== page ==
I meet lots of people who used to believe.
They used to put their hope in something bigger than themselves. They once followed a path that gave them answers, made sense of life’s nonsense and gave them a deep well of joy and purpose. These friends once believed in Jesus.
But something changed. Somewhere along the way, the wear and tear of growing up and facing more complicated issues, wrestling with deeper struggles, and enduring more profound loss caused the fire of that faith to be smothered. And even if they desperately want to believe, they have forgotten how to live in that belief.
Just a few days ago, I heard Where are You Christmas? as How the Grinch Stole Christmas played in my living room. I’m a lyrics girl, so I’m always listening to what the song is trying to communicate through the music and the words. As I listened to the child’s voice ask the searching questions, it dawned on me that in most places of this song, you can replace the word “Christmas” with “Jesus.” Take a second to listen to the song as Faith Hill sings it and insert “Jesus” wherever you hear “Christmas”:
That might be the faith heartache of your life. Where are you Jesus? Where are you when I have so much to face. Why did you go away? My life looks very different from the days when it seemed easy to believe and follow you. Things have been turned upside-down in my life. I’ve got a lot more questions than answers, now. Does that mean all that I had hoped in gets turn upside down, too?
For some of us, maybe the questions of the next verse sum it up. Where are you Jesus? Do you even remember me? I’m not the same as I was – I’ve made a lot of mistakes. Is that why it feels like you’ve let me go?
It’s almost as if we are supposed to outgrow believing in Jesus, just like we eventually stop believing in Santa Claus. Many give up on the childlike notion that God could love us no matter what, meet us wherever we are, accept us regardless of what we’ve done, heal the wounds that have been inflicted upon us and be big enough to answer our toughest questions.
It is an absurdity, I’ll admit. It doesn’t make much sense to the logical mind to believe in Jesus. Just like the story of Santa is rooted in the real life events of the amazing St Nicholas, Bishop of Myra who lived around the 3rd century, it would make more sense to acknowledge that yes, Jesus was real person, and a great one at that, but that his redemptive story of saving us with a not-of-this-world kind of strength that actually brought him back to life, really just became a part of the sweet children’s tale that evolved about him through history.
Here’s the catch though. All those fun details of Santa’s sleigh and reindeer and red suits and of course, the supernatural ability to get around the entire world in one night, well that’s all folklore that’s been added by us, the people who love the story. And, many of those details have been added as recently as the last few centuries.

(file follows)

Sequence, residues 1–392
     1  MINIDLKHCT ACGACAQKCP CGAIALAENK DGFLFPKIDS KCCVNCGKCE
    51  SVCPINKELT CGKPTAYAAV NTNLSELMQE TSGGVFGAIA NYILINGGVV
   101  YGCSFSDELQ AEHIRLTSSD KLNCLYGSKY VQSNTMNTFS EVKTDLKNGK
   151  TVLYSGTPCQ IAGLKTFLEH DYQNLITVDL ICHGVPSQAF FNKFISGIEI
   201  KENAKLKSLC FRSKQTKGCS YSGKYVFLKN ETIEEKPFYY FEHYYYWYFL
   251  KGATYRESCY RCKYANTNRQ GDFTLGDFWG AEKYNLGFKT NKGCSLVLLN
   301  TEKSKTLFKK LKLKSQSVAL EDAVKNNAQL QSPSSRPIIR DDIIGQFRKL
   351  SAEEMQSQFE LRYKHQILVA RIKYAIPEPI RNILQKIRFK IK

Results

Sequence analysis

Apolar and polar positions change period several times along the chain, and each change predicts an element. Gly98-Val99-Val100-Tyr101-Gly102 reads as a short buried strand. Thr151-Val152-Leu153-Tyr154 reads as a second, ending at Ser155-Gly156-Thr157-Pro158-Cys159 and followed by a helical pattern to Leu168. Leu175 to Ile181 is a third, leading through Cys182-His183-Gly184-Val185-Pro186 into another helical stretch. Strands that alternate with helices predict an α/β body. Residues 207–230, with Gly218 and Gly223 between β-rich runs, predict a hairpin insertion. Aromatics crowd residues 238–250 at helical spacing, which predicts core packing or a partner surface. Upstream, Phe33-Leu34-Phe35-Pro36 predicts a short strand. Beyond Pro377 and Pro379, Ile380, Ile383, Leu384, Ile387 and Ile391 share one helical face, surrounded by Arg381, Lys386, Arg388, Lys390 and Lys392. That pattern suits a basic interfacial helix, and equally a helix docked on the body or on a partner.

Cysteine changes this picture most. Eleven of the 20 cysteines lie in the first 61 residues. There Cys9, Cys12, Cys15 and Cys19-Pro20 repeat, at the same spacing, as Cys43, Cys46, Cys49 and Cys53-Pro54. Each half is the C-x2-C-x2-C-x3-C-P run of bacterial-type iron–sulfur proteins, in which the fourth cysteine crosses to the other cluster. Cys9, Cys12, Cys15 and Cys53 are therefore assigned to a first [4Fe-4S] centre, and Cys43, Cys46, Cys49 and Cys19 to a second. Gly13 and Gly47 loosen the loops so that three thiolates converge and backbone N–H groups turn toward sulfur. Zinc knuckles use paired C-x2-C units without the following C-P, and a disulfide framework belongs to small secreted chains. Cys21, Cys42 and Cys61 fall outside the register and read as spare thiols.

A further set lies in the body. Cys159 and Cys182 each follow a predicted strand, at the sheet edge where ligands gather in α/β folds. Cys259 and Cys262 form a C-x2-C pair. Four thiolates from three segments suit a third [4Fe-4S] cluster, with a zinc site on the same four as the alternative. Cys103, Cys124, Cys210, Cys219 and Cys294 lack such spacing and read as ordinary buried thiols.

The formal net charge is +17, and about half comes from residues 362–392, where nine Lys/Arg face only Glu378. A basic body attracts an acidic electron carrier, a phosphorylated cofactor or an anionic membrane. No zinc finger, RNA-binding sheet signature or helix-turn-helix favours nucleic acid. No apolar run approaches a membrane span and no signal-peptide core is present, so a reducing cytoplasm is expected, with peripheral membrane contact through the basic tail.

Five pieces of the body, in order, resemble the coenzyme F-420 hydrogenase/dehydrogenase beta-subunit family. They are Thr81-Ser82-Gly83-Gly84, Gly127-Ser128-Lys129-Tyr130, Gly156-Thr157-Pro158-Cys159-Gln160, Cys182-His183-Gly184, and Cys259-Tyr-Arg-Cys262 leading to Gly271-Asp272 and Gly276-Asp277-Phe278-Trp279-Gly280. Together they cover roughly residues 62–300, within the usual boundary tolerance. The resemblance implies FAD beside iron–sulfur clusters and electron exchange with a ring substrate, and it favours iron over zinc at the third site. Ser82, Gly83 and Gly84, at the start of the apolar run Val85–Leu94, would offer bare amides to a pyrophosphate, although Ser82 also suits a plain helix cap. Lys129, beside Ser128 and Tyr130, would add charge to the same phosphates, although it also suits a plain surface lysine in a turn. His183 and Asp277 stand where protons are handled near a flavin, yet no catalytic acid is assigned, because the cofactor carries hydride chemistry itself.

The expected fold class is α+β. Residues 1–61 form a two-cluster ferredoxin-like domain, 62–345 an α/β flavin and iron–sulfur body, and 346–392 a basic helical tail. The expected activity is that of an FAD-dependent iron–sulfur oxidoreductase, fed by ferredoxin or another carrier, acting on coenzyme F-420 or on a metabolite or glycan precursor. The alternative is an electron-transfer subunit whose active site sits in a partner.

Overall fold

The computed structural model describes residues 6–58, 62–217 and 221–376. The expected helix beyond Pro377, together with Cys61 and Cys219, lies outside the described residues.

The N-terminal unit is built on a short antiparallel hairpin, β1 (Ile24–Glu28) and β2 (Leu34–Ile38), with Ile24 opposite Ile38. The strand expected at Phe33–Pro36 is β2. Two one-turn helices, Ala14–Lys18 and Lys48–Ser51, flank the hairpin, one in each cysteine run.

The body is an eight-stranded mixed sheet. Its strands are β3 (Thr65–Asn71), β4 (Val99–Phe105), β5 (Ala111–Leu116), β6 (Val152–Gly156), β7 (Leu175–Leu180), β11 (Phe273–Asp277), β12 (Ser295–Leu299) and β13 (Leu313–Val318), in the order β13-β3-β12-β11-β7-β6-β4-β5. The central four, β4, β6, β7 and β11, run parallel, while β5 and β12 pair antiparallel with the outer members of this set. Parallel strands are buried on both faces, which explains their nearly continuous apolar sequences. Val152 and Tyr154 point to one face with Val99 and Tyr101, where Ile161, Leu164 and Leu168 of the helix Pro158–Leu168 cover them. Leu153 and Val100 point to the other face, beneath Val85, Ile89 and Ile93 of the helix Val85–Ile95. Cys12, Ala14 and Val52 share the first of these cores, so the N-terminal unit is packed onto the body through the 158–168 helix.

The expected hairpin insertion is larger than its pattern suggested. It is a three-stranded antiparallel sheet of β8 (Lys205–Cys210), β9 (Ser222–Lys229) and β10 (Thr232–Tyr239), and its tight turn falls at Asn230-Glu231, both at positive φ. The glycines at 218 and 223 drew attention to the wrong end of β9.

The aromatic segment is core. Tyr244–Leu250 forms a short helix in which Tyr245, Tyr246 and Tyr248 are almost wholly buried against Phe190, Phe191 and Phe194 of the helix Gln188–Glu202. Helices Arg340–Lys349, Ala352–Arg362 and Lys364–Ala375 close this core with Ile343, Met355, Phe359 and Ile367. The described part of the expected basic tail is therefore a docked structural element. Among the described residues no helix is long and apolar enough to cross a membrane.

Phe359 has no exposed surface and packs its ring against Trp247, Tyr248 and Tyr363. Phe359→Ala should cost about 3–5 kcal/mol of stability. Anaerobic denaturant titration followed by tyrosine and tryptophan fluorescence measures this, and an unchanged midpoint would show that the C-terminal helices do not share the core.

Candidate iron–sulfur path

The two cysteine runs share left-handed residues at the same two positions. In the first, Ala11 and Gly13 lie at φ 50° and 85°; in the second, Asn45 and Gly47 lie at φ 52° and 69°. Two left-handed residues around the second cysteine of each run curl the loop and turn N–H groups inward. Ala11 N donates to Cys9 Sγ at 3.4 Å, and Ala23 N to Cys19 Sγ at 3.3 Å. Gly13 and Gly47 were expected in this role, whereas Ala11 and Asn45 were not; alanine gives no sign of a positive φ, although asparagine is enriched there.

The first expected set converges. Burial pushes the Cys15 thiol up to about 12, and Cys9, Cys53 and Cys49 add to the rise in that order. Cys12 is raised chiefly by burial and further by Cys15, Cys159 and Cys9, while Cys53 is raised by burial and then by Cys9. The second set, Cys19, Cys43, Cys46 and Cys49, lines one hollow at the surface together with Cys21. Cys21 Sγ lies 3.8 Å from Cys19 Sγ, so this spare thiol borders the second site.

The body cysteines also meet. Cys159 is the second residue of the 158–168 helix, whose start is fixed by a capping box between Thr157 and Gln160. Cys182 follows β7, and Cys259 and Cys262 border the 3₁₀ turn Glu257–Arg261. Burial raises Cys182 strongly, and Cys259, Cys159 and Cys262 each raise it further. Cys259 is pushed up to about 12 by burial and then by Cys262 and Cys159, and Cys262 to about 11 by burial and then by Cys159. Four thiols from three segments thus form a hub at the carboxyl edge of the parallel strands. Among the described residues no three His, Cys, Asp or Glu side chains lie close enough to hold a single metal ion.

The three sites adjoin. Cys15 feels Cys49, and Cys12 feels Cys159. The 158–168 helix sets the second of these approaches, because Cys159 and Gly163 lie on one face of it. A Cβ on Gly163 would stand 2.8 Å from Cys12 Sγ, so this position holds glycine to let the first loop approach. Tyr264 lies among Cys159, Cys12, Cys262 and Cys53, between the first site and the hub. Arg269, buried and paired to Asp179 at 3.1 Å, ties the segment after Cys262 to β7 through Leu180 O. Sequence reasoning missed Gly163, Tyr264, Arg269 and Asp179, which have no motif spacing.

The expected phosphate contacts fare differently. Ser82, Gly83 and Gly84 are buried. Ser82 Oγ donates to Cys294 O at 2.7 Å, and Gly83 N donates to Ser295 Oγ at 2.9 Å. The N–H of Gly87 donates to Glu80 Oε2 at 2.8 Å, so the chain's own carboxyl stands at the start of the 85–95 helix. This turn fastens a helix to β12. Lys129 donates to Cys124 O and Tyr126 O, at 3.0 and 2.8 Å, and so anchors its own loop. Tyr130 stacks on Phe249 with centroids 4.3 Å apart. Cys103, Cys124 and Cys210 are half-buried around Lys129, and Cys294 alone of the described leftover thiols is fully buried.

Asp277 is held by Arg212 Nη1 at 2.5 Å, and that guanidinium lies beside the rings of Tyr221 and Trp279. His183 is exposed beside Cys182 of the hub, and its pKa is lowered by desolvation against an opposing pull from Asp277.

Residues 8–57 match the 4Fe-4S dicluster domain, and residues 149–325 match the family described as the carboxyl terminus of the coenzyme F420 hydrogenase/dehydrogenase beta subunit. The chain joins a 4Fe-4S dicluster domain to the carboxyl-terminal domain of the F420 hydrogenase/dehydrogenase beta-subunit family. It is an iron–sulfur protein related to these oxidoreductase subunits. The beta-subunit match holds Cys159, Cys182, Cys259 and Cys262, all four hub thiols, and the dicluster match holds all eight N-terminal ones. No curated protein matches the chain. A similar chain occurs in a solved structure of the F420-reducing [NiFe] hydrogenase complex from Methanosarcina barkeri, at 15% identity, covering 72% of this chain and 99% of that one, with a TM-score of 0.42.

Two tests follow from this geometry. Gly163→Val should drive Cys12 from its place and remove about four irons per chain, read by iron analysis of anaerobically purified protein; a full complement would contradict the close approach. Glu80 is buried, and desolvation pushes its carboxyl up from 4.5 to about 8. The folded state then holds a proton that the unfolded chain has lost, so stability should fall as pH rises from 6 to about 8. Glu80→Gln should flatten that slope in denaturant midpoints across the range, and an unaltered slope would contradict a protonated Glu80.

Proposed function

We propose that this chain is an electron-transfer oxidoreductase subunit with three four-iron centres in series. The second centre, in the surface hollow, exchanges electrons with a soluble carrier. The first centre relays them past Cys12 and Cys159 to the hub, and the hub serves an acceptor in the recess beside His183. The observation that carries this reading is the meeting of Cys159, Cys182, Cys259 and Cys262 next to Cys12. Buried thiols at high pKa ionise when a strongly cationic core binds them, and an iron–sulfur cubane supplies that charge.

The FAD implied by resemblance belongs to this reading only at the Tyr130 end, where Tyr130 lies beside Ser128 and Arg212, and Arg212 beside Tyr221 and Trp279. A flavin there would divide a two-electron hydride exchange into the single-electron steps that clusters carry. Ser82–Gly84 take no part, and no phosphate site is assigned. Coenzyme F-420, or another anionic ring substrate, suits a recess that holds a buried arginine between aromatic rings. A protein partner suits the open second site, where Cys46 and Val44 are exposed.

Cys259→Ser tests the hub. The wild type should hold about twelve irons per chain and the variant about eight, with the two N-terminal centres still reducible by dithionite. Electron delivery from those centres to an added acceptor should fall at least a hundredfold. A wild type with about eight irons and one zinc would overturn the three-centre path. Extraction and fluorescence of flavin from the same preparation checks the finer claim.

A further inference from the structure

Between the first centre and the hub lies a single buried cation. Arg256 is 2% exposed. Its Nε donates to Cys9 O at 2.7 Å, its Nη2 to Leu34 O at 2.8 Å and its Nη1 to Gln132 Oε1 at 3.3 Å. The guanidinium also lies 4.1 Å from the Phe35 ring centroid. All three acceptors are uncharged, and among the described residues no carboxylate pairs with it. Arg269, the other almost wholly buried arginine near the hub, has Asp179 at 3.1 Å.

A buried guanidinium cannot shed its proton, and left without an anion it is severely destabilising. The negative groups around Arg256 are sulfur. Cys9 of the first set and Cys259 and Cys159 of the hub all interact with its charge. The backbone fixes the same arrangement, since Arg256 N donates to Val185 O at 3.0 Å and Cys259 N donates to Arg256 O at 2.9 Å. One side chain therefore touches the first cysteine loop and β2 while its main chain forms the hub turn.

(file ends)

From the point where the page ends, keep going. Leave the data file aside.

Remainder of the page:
But, the miracle of Jesus being “God with us”, healing people from miserable diseases, feeding crowds of thousands with a few fish and loaves of bread, dying on the cross for us and then kicking death in the pants so he could come back for us, and offering to be our way, our truth and our life – all those were real-life God-powered events that people really saw over and over again. The details of his life were written by those who actually knew him or lived as a contemporary of him. And even more amazingly, things like where he would be born, how he would die and the kind of power he would have were all foretold and written about long before he even lived. His life story needed no magical embellishments. This real life story has been retold not because of how much people loved the story of this man, but because of the outrageous way that this man loved us.
The truth is that Jesus is here. He hasn’t gone away. He hasn’t let go…and he won’t. He knows your life is different – and by the way, he does recognize you. He misses you and would love nothing better than for you to embrace your belief again, realizing that a whimsical story cannot outlast childhood, but the extraordinary, living, breathing hero of the story can withstand whatever doubt or circumstance you face.
We may outgrow a limited understanding of who Jesus was and still is, but he will never grow out of his persistent desire for us to know him in deeper ways, and still see him with the strong, believing eyes of a child.
The disciples saw Jesus do many other miraculous signs in addition to the ones recorded in this book. But these are written so that you may continue to believe that Jesus is the Messiah, the Son of God, and that by believing in him you will have life by the power of his name. John 20:30-31